In my earlier post, I have noted why legal ownership of cryptocurrency matters. The use of cryptocurrency as a collateral is also imaginable.
The prerequisites for acquiring such proprietary rights and their effect are to be determined by legal rules. In the absence of internationally uniform rules, an applicable national legal system must be determined by choice-of-law rules of the country in which such issues are litigated or considered.
With respect to a tangible item, proprietary issues are subject to the law of the country where it is situated (lex situs or lex loci rei sitae) under the prevailing choice of law rules. With respect to intangible goods, choice-of-law rules are not as well established. In one of my articles, I have argued that the proprietary issues of an emissions quota, a species of intangible goods, should be subject to the law of the country where it is registered.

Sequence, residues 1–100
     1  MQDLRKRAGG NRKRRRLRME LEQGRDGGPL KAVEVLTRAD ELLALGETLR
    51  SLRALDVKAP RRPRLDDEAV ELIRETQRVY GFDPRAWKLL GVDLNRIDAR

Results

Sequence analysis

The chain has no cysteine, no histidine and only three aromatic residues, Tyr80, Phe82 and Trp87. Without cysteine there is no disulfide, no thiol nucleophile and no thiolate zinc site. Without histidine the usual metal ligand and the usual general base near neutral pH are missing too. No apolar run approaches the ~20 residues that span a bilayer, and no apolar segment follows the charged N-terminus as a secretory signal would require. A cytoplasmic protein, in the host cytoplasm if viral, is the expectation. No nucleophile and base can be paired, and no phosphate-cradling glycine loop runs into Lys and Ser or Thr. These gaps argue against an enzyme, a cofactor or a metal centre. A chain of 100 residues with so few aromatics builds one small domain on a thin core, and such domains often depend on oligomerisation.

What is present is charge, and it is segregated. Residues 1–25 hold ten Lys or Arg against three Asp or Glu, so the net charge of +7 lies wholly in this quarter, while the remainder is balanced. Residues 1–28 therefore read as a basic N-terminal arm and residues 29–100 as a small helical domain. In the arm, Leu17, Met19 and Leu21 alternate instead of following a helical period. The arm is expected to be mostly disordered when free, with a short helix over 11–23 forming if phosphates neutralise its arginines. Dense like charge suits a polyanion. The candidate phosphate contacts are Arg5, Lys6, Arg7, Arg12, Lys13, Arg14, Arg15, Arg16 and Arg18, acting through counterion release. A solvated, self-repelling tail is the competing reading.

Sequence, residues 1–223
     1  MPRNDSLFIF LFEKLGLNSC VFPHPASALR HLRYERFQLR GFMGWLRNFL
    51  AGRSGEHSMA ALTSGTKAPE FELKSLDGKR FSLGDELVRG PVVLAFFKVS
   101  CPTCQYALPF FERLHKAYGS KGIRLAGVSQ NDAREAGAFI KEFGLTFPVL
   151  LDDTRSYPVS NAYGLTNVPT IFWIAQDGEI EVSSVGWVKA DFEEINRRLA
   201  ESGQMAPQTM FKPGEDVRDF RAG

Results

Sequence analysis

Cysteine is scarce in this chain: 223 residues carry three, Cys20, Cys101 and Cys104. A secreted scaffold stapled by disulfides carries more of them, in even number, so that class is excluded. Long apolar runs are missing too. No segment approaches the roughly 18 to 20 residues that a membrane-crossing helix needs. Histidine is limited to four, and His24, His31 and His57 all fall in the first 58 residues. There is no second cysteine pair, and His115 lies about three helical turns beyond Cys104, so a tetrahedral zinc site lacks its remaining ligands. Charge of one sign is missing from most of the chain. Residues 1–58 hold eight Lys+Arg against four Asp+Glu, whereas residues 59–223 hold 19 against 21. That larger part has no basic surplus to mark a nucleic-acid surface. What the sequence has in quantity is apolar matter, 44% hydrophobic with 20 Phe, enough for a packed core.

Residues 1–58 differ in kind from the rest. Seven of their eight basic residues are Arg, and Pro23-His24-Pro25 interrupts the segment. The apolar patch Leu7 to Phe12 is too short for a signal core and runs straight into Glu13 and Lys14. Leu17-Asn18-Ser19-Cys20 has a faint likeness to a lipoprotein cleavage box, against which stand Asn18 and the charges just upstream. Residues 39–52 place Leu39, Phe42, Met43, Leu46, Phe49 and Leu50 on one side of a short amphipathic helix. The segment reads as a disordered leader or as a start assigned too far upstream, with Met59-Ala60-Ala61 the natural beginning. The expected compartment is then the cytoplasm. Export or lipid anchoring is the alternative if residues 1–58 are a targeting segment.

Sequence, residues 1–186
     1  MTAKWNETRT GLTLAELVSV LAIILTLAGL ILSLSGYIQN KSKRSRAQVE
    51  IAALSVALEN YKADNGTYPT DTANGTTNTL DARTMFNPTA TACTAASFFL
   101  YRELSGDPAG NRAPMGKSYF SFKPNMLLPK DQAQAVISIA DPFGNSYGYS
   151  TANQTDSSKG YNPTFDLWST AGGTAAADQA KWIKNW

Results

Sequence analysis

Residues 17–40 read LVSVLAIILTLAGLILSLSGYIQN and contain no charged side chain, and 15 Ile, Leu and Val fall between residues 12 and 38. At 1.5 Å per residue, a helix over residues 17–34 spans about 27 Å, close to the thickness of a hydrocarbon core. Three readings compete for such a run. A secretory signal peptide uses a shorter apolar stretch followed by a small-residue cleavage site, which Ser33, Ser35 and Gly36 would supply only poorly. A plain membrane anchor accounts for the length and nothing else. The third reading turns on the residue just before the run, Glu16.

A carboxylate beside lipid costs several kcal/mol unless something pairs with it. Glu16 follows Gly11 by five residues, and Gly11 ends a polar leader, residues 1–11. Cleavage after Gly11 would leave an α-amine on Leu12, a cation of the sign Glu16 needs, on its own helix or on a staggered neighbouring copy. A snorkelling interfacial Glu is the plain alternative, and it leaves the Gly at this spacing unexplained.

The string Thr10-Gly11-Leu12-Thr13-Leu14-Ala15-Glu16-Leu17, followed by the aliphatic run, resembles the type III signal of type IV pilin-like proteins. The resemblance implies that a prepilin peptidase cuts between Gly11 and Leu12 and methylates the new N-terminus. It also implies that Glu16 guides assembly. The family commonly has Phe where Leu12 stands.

Cryptocurrency is intangible. It is also a financially valuable data (information) as is an emissions quota. However, unlike the latter which is registrable on a national registry, cryptocurrency is registered on a blockchain which is borderless. This makes it difficult to localise cryptocurrency in a particular country for choice-of-law purposes.